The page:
Resignation of UK work and pensions secretary divides Conservative government

The resignation of Work and Pensions Secretary Iain Duncan Smith has plunged Britain’s ruling Conservatives into a state of civil war.

Duncan Smith resigned over cuts to disability benefits in last week’s budget, but his doing so is a manifestation of deep divisions in the Tory Party—particularly over June’s referendum on the UK’s membership of the European Union (EU). This could lead to a leadership contest following the June 23 referendum, or even a possible split in the party.

Around 100 MPs (of 330) and the majority of party members are in favour of leaving the EU and a growing number of MPs favour a leadership election regardless of the result of the referendum. Duncan Smith therefore left the cabinet over an issue he knows will do maximum political damage to both Prime Minister David Cameron and Chancellor George Osborne, the favourite to replace Cameron as party leader on the pro-EU wing of the party.

Commenting on the crisis, the Sunday Times said the leadership credentials of Osborne were “shredded” after Duncan Smith “unleashed a bloodbath of mutual recriminations at the top of the Tory party,” while an unnamed MP told the BBC there will be “genocide of the Cameroons and Osbornites.”

When Duncan Smith stood down as Tory leader in 2003 he set up the Centre for Social Justice think-tank to devise reforms aimed at slashing state spending on welfare benefits. This included the universal credit system currently being implemented by the government and rolling out “welfare to work” programmes under which millions are to be forced into low-paid jobs. In charge of the Department for Work and Pensions (DWP) since the election of the Tory/Liberal Democrat coalition in 2010, he was the minister most closely associated with brutal attacks on the welfare state including the hated “Bedroom Tax.” He has overseen £28.3 billion taken from the disabled over the past five years.

Nevertheless, the manner of Duncan Smith’s resignation cannot be simply dismissed with charges of hypocrisy. Under conditions of escalating economic crisis, the rifts in the Tory party are an expression of political realignments underway within bourgeois politics internationally. A section of the Tory party that is supportive of a Brexit and which utilises certain populist rhetoric, is now openly campaigning alongside UK Independence Party (UKIP) and a small section of the Labour Party.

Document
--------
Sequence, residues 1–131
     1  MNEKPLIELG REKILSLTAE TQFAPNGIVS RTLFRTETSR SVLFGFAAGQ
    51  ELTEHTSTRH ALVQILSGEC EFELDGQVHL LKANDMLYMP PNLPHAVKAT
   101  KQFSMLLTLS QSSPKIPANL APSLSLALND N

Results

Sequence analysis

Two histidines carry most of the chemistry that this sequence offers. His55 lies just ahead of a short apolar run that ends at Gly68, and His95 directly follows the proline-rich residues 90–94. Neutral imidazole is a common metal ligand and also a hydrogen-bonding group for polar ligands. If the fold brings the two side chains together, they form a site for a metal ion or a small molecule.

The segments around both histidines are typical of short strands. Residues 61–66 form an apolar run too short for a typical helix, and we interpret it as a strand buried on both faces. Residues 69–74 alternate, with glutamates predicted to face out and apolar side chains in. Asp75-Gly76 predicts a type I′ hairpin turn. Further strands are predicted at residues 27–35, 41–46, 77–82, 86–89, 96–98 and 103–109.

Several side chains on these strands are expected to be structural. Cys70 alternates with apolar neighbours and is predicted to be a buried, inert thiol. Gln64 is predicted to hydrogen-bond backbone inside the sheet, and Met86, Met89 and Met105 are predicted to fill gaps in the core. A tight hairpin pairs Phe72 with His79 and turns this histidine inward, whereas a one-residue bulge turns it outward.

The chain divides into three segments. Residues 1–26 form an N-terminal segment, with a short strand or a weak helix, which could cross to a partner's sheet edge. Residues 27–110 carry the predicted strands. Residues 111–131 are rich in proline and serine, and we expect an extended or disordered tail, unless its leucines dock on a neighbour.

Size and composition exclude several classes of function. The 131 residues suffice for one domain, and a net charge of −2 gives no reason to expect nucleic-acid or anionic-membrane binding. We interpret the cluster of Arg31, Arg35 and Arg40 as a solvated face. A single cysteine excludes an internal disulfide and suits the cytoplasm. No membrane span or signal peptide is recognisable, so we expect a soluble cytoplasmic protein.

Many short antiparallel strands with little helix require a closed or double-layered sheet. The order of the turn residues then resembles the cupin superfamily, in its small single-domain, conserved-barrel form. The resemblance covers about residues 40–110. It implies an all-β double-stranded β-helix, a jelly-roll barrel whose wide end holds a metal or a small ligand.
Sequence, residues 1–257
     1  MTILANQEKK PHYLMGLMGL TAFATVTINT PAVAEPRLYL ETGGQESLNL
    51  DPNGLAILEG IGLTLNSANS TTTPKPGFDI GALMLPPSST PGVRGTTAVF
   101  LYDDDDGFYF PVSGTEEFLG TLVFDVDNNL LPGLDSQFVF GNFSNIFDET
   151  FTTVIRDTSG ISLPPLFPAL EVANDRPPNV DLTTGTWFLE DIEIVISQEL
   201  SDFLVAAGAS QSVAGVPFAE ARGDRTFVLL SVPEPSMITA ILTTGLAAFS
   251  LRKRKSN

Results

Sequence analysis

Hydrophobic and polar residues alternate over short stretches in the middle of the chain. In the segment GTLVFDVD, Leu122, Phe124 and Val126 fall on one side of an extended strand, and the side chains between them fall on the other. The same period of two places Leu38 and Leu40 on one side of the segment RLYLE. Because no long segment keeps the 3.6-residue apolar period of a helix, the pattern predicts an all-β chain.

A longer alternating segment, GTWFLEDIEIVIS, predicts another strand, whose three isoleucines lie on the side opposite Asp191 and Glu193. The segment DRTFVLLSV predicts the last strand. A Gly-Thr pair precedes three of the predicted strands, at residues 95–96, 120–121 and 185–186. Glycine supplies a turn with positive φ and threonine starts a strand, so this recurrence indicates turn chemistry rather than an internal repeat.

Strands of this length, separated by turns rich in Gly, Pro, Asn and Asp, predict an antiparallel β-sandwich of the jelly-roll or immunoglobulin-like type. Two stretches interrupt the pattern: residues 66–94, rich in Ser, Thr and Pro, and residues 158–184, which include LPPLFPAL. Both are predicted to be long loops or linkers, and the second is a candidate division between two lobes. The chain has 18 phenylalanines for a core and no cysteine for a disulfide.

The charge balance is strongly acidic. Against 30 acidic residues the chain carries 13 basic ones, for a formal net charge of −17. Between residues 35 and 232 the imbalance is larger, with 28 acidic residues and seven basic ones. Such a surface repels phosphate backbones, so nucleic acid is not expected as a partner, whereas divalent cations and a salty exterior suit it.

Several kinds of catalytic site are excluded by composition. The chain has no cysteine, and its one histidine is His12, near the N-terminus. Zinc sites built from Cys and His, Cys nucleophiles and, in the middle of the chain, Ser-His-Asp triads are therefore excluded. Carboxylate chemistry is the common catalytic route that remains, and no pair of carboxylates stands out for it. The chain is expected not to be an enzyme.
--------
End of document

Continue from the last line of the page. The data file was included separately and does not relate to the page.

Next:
Duncan Smith is seeking to make an appeal for “equality of national sacrifice” that provides an essential political justification for the right wing forces gathered under the Brexit umbrella. Indeed Peter Bone, a leader of the Grassroots Out organisation, alongside UKIP leader Nigel Farage, said his resignation “illustrates why it is so important for the UK to quit the EU and stop sending our massive membership fee to Brussels, which amounts to over £15 billion a year. Instead of making unnecessary and painful cuts to disability payments we would have more money to spend on our own priorities.”

Duncan Smith quit just two days after Osborne’s March 23 budget, which confirmed further spending cuts even as the richest 10 percent in society and the corporations were handed billions in tax breaks and other giveaways.

The Chancellor said that disability benefits would be further cut, saving the government £4.4 billion by 2020-21. The cuts reduce access to Personal Independence Payments (PIP), which will replace Disability Living Allowance in January 2017, and is expected to save £1.3 billion, with many PIP recipients slated to lose up to £150 a week. PIP is relied on by hundreds of thousands of people who need help with basic tasks such as going to the toilet and dressing.

These cuts were “not defensible,” Duncan Smith said, especially “in the way they were placed within a Budget that benefits higher earning taxpayers.”